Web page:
Movielopnik - The Summer's Biggest Blockbuster is ruined by Moviedom's Dumbest Scene

Yes, this is about Jurassic World. Yes, this is about the infamous scene depicted at left. Minor spoilers ahead.

There’s not much to really introduce here - given the typical summer blockbuster advertisement campaign you can’t even hide under a rock and not know what Jurassic World is, especially given that there were three widely popular movies preceding it with the most recent one being about a decade and a half old. There is a scene where the dinosaurs have their first major break-out and the female assistant to the protagonist kids (in both senses - they are the kids - well, nephews or so of the main female protagonist and are themselves a major focus of the movie) is snatched up by flying dinosaurs while in the middle of planning her wedding and then played with and dropped into the mouth of a giant fish.


Let me compile a list here of why this scene is just fucking stupid, starting with the major point first:

It’s A Goddamn Fucking Cartoon, And Even Cracked and Plagiarizers Know It

I’m not saying that there’s anything wrong with cartoons. I love cartoons, and as a Millennial man-child I obviously know no shame in publicly announcing that. There’s a time and place for cartoons however, and a death scene, even a throwaway one with a character whose backstory was crafted specifically to squeeze out the most “shock” value isn’t the time or place for it.

All of the previous Jurassic Park films had death scenes emphasizing how we humans are just animated chunks of fast food to dinosaurs, but somehow they were...different. The first film handled dino dinner in a way more common with stock horror tropes with a little bit of SFX gawkery thrown in. Even being eaten while taking a shit on a port-a-potty was handled much more like a horror film confrontation, if not between the characters than for the audience. Jurassic Park - and the best horror films in general - are great at that. Film auteurs and people who like to pretend to be such constantly talk about the “contract” a piece of entertainment has with its participating audience, and the best films don’t just acknowledge that but actively use it to their advantage, a technique that Spielberg’s entire career is more or less built on. The first film wasn’t about the special effects, it was about using special effects to make the audience itself a part of the movie.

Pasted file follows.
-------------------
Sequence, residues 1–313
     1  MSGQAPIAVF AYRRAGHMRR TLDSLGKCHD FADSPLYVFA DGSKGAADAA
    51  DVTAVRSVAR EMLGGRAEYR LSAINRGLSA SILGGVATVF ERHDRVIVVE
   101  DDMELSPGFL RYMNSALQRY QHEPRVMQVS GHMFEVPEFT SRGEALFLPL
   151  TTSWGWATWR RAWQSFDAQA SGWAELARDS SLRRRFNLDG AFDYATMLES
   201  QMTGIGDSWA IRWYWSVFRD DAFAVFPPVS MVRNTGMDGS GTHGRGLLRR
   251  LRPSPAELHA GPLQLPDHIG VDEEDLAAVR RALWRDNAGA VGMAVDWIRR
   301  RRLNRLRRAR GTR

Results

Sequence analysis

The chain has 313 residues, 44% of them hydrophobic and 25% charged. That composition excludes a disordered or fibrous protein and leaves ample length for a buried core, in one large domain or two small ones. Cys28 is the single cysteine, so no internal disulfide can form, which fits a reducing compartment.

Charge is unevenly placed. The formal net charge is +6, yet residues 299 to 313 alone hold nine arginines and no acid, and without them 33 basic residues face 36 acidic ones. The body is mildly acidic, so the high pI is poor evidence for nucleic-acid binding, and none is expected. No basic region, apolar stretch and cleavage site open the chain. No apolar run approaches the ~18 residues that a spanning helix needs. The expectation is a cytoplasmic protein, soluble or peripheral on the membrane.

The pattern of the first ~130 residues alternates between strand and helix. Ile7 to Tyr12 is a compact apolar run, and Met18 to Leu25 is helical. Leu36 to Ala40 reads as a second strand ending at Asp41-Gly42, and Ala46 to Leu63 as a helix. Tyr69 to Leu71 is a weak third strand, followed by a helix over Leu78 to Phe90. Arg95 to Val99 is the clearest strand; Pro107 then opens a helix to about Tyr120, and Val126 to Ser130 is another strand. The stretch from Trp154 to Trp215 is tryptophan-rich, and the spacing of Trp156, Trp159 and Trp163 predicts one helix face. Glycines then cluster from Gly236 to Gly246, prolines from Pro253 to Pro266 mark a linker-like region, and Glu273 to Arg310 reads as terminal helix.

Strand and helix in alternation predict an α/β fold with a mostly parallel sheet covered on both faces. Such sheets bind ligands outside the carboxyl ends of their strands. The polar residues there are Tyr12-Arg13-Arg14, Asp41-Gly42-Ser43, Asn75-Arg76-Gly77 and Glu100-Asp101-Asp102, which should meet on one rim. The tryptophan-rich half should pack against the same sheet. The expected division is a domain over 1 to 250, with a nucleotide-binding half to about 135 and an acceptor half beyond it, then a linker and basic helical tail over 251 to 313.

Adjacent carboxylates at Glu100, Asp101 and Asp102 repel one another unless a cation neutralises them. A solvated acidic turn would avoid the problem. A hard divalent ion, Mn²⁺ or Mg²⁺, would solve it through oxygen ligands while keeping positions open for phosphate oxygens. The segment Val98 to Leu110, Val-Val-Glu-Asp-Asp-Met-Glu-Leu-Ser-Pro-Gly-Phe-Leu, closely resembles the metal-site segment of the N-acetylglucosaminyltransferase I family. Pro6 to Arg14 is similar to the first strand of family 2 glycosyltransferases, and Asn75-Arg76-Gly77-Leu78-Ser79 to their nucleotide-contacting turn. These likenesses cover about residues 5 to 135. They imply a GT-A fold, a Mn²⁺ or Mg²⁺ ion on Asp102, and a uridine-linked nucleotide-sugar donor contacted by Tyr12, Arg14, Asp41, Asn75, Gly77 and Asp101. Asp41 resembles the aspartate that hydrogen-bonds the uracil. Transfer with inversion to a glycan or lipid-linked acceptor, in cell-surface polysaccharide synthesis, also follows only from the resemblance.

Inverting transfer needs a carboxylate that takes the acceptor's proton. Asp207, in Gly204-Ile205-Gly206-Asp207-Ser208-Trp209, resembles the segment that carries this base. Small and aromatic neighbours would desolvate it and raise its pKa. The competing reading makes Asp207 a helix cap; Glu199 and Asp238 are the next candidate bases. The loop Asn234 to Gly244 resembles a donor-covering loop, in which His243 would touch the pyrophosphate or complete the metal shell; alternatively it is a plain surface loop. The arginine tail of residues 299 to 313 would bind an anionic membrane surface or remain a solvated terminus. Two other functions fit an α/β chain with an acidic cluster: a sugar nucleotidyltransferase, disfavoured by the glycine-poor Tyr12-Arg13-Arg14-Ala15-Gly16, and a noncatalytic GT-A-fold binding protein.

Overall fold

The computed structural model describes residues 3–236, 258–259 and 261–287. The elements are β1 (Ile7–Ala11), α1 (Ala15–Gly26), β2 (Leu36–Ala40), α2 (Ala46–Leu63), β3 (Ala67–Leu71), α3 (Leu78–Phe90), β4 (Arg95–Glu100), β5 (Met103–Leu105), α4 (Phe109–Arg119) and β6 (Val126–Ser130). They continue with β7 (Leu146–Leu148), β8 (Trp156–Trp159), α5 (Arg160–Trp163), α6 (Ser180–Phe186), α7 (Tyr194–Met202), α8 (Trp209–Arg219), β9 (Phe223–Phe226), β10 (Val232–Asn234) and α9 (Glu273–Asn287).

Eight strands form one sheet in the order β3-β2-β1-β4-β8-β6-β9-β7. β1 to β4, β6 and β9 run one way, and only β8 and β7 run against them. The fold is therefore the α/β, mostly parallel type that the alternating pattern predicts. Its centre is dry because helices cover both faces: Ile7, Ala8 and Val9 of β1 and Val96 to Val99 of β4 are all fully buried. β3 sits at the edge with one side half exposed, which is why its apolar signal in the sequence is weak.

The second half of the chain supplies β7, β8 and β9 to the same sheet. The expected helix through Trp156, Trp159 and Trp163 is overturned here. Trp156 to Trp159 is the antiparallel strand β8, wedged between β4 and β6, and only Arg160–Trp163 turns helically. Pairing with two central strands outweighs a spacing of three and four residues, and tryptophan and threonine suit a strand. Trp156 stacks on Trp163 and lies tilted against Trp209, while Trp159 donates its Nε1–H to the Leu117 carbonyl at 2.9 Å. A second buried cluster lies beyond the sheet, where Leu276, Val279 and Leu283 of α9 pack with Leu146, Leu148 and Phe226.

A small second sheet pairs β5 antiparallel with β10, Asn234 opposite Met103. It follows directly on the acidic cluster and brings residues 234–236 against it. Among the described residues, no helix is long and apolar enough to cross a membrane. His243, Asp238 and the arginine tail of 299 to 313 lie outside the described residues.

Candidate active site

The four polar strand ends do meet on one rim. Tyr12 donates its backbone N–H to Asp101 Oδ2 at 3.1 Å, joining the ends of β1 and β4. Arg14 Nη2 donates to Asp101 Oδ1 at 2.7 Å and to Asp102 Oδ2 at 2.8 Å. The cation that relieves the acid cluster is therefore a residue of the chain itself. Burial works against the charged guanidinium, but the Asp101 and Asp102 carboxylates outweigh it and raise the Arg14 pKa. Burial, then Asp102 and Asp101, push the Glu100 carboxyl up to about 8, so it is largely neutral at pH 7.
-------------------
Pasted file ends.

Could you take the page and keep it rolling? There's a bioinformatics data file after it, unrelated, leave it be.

The scene in question does absolutely none of that. It’s half half-assed shock value, half cartoon. Hell it wouldn’t be so tonally out of place if it were accompanied by a slide whistle (and it wouldn’t be the first stunt that’s been ruined by literally a fucking slide whistle). That draws the audience away from being in the movie - you know, the exact opposite of what you want to do.


If all of what I’m saying so far sounds familiar, it should. In fact I’m hoping to God it sounds familiar, because it means I’m hardly alone (or original) in thinking this. David Christopher Bell over at was telling you guys this well before the movie even premiered when all we got was a fleeting hint of this scene in trailers. In fact his words were so good that it got repeated twice, quite literally, in a little incident we won’t really mention and will just sweep under the rug here.


It’s (Arguably) in Bad Taste

This one is subjective and it doesn’t necessarily ruin the movie for most people, but enough people are apparently bothered by it that I’ll be more than happy to let it pad out my list.


As I’ve said, the other movies sacrificed characters in the name of drawing the audience in and trying to convince them that they’re as much prey as the people actually standing on screen. They tried to convince viewers that this was a cinematic minefield and you can hardly go in any direction without getting your head bit off, and that the characters made it out alive as much through dumb luck as their own guile and intelligence. Whether successful or not, they made an earnest effort to convince you that the surviving characters survived by chance, not because they were the movie’s designated protagonists. Under this context, a man getting eaten while in the middle of taking a shit actually helps deliver a thematic and tonal message.